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The Alebrijes are imaginary creatures that have elements from different animals such as dragon bodies, bat wings, wolf teeth and dog eyes. Colorfully painted, they were originally made with papier mache but nowadays they are also wood carved.

The Alebrije was created by Pedro Linares Lopez in the 1930's. Pedro was a cartonero (papier mache crafter) from La Merced a neighborhood in Mexico City, he made a living by doing pinatas and judas like his father did before him.

The story says that while very ill Pedro had a feverish dream where he saw mythical creatures and heard them say the name alebrije. After that Pedro began to represent in papier mache the strange creatures he had dreamed of.

A far more reliable version explains that Linares was appointed by painter José Gómez Rosas aka El Hotentote to make some "alebrijes" to decorate the annual masquerade party at the San Carlos Arts Academy. The painter was in charge of the decoration of that event in the arts academy.

Linares asked Gomez Rosas how to make such things, to which he replied "just grab a judas and give him a tail and bat wings". In Gomez Rosas paintings there were often zoomorphic and fantastic figures that combine reptile, bird, insect and mammal parts as well as different eras and painting styles.

Pedro Linares' work sold locally for many years counting customers like Diego Rivera and Frida Kahlo until a documentary film made by Judith Bronowski in 1975 gave him international fame. In 1990 he received the National Prize for Popular Arts and Traditions. Linares passed away in 1992.

Alebrije skeleton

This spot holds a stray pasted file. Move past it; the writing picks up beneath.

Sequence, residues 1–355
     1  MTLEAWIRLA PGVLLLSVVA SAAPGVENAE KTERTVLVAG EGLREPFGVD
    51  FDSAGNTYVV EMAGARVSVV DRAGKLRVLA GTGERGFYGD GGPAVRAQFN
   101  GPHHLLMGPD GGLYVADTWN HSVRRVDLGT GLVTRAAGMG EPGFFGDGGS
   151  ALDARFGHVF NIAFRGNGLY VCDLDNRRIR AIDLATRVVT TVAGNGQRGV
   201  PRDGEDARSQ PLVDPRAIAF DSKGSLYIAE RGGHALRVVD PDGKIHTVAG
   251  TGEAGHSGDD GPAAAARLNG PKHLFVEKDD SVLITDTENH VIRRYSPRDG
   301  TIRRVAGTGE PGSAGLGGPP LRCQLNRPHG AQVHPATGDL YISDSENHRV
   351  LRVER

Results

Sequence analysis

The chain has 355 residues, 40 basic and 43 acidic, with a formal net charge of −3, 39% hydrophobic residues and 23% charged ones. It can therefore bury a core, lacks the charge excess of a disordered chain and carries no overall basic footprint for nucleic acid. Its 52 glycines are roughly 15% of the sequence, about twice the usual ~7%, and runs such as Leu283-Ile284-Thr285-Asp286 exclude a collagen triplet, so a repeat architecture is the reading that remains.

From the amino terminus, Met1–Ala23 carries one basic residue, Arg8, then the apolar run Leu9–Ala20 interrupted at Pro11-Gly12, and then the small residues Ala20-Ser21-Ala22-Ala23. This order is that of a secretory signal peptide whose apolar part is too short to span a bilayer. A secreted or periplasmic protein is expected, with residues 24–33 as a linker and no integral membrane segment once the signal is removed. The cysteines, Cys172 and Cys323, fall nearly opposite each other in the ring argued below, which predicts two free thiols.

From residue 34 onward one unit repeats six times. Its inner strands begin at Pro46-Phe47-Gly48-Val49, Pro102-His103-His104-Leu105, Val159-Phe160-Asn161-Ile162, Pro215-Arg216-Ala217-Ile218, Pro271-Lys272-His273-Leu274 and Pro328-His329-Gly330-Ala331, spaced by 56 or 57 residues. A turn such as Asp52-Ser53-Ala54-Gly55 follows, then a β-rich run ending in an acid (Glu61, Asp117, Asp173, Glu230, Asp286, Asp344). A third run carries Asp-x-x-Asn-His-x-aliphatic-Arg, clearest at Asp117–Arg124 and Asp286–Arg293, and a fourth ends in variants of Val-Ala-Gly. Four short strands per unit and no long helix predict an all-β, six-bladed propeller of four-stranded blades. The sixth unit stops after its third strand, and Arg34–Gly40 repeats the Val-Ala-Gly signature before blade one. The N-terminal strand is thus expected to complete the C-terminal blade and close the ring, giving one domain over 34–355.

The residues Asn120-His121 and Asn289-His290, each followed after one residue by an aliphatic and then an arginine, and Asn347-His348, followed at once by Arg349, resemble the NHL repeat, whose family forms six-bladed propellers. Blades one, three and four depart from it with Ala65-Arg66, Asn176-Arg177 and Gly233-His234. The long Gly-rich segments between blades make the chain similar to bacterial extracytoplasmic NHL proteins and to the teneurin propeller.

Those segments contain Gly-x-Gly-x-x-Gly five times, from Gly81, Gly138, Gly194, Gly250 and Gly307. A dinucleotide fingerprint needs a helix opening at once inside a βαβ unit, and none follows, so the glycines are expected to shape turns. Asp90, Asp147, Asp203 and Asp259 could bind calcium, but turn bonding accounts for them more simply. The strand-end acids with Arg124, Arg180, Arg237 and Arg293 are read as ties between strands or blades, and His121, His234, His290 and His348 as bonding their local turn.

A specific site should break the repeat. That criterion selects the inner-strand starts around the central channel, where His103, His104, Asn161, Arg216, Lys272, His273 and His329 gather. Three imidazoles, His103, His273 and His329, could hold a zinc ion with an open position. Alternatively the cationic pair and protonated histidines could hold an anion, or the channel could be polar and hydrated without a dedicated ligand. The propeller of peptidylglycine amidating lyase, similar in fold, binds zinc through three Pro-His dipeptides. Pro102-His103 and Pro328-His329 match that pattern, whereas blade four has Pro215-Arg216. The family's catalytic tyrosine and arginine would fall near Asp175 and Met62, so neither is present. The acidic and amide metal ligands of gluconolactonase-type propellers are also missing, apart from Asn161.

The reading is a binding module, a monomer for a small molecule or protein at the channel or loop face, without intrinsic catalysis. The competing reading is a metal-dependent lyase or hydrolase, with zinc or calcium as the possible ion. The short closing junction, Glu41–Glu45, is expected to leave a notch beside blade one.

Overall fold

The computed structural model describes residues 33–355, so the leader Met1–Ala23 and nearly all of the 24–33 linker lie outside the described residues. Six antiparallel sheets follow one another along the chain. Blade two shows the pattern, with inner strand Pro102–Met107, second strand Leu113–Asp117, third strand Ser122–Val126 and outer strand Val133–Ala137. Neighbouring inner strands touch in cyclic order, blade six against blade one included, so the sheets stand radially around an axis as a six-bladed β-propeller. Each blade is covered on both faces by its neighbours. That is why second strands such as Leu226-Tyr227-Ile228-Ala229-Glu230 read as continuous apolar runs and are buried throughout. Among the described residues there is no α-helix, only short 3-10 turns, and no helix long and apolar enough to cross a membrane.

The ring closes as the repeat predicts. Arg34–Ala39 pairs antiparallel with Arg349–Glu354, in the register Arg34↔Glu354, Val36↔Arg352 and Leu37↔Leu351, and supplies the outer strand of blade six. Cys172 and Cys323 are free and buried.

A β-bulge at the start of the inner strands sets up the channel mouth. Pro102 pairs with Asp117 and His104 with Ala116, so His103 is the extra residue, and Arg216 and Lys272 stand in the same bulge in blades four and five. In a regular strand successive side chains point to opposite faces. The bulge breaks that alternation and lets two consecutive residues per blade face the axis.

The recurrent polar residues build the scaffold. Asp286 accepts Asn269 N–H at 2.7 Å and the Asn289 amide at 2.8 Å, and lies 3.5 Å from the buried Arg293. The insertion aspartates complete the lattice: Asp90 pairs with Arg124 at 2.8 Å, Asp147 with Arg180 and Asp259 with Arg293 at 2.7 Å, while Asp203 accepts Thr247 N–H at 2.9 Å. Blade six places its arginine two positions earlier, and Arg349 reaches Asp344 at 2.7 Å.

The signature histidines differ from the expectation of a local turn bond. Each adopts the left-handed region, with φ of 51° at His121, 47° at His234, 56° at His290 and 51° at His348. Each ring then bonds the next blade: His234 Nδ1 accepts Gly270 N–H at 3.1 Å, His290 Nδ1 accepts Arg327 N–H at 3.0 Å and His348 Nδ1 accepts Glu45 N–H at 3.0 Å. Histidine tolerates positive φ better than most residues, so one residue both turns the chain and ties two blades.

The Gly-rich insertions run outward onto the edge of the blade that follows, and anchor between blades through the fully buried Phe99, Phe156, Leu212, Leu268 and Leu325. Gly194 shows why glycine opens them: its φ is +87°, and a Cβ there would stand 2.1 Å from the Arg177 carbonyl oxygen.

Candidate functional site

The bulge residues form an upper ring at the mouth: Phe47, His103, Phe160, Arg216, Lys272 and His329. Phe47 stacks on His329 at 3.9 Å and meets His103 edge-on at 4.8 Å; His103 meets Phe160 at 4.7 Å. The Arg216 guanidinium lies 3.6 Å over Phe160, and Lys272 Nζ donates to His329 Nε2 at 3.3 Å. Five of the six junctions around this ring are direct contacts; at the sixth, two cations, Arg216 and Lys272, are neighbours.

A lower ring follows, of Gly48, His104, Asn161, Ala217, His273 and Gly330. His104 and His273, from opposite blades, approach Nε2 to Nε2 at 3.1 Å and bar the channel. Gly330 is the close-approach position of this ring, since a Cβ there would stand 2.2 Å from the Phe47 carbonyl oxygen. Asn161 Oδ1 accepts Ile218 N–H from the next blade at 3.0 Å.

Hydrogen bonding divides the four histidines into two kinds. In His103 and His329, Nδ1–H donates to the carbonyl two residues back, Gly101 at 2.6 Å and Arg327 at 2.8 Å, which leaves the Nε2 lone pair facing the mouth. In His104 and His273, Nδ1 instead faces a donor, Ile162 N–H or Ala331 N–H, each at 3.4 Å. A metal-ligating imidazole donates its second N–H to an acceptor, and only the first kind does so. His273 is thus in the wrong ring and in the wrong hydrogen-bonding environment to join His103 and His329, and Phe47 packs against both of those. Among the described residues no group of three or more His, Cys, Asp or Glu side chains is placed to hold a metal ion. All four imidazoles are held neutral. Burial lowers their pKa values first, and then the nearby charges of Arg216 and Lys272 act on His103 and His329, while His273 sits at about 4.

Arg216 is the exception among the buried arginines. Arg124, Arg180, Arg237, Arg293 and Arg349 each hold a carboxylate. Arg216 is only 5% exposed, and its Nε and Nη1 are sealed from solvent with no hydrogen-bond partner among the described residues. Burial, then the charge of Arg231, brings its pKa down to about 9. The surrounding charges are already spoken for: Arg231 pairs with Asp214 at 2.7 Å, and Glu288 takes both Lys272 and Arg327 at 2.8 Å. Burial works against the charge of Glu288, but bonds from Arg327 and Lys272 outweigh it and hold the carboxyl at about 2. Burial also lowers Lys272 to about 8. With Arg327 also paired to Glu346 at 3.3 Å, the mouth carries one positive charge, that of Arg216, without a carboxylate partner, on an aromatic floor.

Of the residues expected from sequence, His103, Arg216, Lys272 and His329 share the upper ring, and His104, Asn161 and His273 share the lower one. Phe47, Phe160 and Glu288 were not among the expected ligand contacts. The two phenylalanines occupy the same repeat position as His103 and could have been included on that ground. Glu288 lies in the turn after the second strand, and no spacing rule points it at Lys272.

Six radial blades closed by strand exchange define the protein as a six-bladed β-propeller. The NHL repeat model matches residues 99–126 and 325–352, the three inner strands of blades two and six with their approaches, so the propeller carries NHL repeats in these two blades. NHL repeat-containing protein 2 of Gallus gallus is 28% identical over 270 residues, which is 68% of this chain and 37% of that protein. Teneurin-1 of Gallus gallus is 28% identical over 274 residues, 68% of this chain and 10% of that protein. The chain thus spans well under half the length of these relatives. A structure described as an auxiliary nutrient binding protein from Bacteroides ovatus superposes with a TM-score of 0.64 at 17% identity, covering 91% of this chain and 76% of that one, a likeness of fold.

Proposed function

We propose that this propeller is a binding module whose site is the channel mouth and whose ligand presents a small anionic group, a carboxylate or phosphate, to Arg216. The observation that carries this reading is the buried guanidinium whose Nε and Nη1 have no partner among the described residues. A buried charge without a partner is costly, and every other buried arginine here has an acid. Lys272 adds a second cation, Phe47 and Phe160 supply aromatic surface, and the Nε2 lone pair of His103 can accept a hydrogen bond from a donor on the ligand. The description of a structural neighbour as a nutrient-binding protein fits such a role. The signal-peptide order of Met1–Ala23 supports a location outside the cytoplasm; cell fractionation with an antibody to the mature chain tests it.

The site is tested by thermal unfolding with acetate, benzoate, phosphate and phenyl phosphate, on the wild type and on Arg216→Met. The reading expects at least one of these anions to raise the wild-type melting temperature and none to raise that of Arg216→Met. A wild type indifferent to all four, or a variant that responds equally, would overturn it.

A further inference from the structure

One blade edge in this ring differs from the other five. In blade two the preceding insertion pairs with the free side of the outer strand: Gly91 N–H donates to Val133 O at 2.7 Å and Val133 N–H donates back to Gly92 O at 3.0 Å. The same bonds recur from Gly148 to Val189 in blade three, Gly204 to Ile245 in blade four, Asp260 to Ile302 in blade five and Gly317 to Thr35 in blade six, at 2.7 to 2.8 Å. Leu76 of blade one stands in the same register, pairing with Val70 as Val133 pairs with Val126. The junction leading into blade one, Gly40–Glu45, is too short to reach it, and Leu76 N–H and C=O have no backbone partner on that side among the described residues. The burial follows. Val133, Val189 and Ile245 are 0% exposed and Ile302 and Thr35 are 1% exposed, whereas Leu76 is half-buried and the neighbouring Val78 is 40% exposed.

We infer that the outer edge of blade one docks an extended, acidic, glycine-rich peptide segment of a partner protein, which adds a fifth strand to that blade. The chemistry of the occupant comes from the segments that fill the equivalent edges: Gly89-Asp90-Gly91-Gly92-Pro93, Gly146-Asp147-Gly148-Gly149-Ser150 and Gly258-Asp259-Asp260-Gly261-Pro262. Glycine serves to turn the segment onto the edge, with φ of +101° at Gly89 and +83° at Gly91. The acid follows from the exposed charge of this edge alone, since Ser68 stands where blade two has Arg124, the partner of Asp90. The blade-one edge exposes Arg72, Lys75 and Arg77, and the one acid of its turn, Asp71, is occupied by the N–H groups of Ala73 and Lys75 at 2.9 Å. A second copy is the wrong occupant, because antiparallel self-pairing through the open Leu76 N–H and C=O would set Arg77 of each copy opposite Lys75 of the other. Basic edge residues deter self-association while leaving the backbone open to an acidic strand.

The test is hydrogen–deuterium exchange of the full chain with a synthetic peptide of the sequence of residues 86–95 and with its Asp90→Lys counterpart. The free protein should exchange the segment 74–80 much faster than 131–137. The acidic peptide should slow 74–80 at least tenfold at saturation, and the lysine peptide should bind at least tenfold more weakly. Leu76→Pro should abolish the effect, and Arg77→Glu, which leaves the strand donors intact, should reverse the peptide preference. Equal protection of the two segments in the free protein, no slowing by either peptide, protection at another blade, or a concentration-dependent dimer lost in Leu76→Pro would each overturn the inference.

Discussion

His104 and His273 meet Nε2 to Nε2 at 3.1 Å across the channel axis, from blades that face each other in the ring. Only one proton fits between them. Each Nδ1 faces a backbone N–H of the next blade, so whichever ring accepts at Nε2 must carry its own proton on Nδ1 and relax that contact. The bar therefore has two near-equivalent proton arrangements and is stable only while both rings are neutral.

Papier Mache Alebrije Today
Today Linares descendants continue with the family business making the now iconic alebrije figurines, judas and skeletons in La Merced in Mexico City while many papier mache artists craft these fierce creatures around the country.

Since 2007 the Folk Art National Museum organizes The Alebrije's Night that includes a giant alebrije parade that goes from the Monument of the Independence to the Zocalo in Mexico City. More than 200 artists participate in this colorful event which includes a contest with prizes for the 3 best giant alebrijes and other activities such as a Puppet Theater with alebrije puppets, music, and tales about these mythical creatures.

The Oaxacan Alebrije
Oaxacan wood carving is a folk art style pioneered by Manuel Jimenez from Arrazola
a small village near Oaxaca City. He carved and painted animal figurines with a unique flare. Jimenez talent and imagination was sponsored by an American merchant that helped him gain international recognition.

Other carvers from the area developed their own styles and over the years Oaxacan wood carvings have become one of the most appreciated and popular Mexican folk art styles.

Among the different styles developed by local artisans are the reproductions of the Linares' Alebrije. This depiction has been so successful that some people have named the whole Oaxacan wood carving style Oaxacan Alebrijes.

Oaxacan wooden dragon
Oaxacan Wooden "Alebrije"

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